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Leaky barriers installed in Ilkley Moor as part of flood management project

A series of leaky barriers and earth bunds (earth formed into an embankment to form a flood barrier) are being built on Ilkley Moor, as the next steps in Backstone Beck Natural Flood Management Project start this week.

Timber is being used to create some new structures to slow drainage and help restore peatlands. Earth bunds are currently being constructed in the upper catchment of Ilkley Moor which requires machinery so visitors may see some equipment on site this week.

The works form a major part of the Backstone Beck Natural Flood Management Project – an ongoing partnership project with Bradford Council and the Environment Agency that is using natural flood management techniques to reduce the risk of flooding from Ilkley Moor.

The project is funded by DEFRA as part of a national suite of pilot projects to test the efficiency of natural flood management on a catchment scale and is being delivered by the Peak District National Park-based Moors for the Future Partnership.

Nature-based solutions are being applied to re-naturalise the moor (meaning it stores more water), restore peatland and slow the flow of water from the moor to the river, reducing flood risk to properties at the bottom of the Backstone Beck river catchment.

The blocking of man-made drainage ditches will also prevent further erosion and encourage the regeneration of the remaining peat at the top of the catchment and, once again, begin to store carbon on the moor tops. The work follows extensive planting of sphagnum moss on the moor last year which also encourages peat formation, boosting biodiversity, storing carbon and helping address climate change.

Stone dams have been used to block smaller drainage channels whilst larger leaky timber structures are being installed on wider, deeper channels in the upper catchment. The surface water on the upper catchment currently carries carbon-rich peaty sediment away from the moor, rather than locking it away as it would through blanket bog. Whilst the main aim of this work is to help reduce flooding, it also has significant benefits for biodiversity and climate change mitigation.

The work is part of wider plans to help mitigate flood risk across the district by the council and Environment Agency. Previous projects have included similar work on Harden Moor at Deep Cliff Woods.

Cllr Alex Ross-Shaw, Portfolio Holder for Regeneration, Planning and Transport, said: “Ilkley Moor is a real jewel in Bradford’s crown and I’m delighted we’ve been able to deliver this important natural flood management project in line with our Management Plan for the moor. It will help to reduce flooding and create favourable conditions for wildlife and carbon storage and we hope to be able to replicate similar approaches on our other moorland sites across the district.”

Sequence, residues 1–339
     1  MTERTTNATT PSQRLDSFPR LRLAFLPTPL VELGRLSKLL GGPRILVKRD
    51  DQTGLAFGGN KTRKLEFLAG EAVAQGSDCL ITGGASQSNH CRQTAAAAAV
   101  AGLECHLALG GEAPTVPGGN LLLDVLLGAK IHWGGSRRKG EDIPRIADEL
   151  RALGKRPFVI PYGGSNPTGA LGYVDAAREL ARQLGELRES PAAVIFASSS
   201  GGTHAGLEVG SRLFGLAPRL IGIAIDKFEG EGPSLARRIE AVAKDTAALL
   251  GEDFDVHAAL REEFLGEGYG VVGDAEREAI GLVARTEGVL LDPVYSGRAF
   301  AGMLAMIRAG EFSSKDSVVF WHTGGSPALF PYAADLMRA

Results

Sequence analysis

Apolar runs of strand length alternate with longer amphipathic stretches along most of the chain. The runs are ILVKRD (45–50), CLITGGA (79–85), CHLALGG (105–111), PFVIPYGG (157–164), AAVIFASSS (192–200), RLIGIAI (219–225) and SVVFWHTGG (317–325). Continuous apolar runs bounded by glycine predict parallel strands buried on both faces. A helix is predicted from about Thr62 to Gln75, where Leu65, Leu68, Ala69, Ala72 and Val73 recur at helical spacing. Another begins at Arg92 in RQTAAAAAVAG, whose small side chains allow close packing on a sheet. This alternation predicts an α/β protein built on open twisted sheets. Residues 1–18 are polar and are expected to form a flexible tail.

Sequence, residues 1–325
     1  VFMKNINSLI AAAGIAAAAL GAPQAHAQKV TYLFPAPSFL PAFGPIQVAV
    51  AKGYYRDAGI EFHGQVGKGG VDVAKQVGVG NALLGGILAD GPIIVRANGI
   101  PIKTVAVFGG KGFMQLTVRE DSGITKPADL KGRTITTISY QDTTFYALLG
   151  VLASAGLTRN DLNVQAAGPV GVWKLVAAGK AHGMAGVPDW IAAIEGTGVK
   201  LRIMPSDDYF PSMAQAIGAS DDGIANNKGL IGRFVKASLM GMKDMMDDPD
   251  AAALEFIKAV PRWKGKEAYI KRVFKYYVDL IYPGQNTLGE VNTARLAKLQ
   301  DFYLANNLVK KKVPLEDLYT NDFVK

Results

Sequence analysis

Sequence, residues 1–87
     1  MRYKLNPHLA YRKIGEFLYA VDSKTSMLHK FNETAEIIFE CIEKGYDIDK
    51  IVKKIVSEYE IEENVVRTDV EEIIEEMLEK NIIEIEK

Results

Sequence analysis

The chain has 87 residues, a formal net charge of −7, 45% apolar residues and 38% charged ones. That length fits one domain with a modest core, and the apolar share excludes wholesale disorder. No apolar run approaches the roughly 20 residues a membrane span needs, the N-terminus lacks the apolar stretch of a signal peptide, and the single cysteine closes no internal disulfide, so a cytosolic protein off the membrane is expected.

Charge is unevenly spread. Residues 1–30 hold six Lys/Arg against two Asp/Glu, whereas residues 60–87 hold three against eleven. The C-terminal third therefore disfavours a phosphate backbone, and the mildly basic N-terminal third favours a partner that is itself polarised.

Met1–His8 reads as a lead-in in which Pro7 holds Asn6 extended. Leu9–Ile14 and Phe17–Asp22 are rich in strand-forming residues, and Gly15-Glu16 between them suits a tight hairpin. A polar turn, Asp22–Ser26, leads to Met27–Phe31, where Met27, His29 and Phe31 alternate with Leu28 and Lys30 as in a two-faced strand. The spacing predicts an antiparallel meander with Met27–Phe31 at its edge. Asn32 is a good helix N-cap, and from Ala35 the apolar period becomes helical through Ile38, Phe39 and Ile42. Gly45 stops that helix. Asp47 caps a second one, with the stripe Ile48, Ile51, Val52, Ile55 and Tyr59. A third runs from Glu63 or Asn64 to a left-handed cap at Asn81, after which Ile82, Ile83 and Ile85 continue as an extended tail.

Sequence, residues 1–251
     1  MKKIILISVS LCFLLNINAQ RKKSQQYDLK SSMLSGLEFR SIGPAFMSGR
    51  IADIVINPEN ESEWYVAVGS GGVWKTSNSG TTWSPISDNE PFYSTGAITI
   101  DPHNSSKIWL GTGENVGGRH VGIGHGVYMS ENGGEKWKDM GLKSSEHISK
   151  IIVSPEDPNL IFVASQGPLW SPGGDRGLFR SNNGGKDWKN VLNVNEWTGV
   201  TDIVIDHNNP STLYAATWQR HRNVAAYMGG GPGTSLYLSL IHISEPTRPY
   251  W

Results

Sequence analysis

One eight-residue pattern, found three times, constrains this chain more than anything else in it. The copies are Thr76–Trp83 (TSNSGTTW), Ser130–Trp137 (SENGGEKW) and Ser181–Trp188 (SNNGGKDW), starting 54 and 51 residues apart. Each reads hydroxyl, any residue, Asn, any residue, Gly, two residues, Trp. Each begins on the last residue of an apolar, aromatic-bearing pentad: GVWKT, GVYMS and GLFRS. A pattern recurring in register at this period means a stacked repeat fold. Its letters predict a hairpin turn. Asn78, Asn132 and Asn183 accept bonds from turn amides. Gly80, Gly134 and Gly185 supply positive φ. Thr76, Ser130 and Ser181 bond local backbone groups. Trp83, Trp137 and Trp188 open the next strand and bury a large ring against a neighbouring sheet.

Simon Stokes, the Environment Agency’s Project Manager for the Environment Programme, said: “We are using nature to reduce flood risk across the country, using nature-based solutions in combination with other measures such as traditional engineered flood and coastal defences.

“Installing natural flood management measures such as leaky dams and earth embankments on Ilkley Moor will have multiple benefits for people and wildlife. Not only will they reduce flood risk locally and downstream of the river catchment - they will also benefit the environment by increasing peatland habitat, boosting biodiversity, storing carbon and helping mitigate climate change.

“I grew up here and have family with a background of sheep farming on Rombalds Moor so I am very familiar with the area and working with Bradford Council to develop the programme of work on Backstone Beck over the last few years has been fascinating. I’m confident that in addition to reducing flood risk we have modified the landscape in a way which makes it more resilient for future generations.”

Natural flood management can include a range of measures including peatland restoration to store water in upper catchments, restoring flood plains to make space for water away from urban areas, and creating wetlands to protect coastal communities.

As well as reducing flood risk, these measures have other benefits such as providing habitats for wildlife, and green space for communities, and helping to improving air and water quality.

Moors for the Future Senior Conservation Works Officer Katy Thorpe, said: “Moors for the Future Partnership has been working since 2003 to preserve the peatlands of the Peak District and South Pennines. We’re pleased to be working with Bradford Council on this important project to slow the flow of water from Ilkley Moor. This reduces the chance of flooding downstream, as well as keeping the moorland peat wet – meaning it can store carbon and help in the fight against climate change.”


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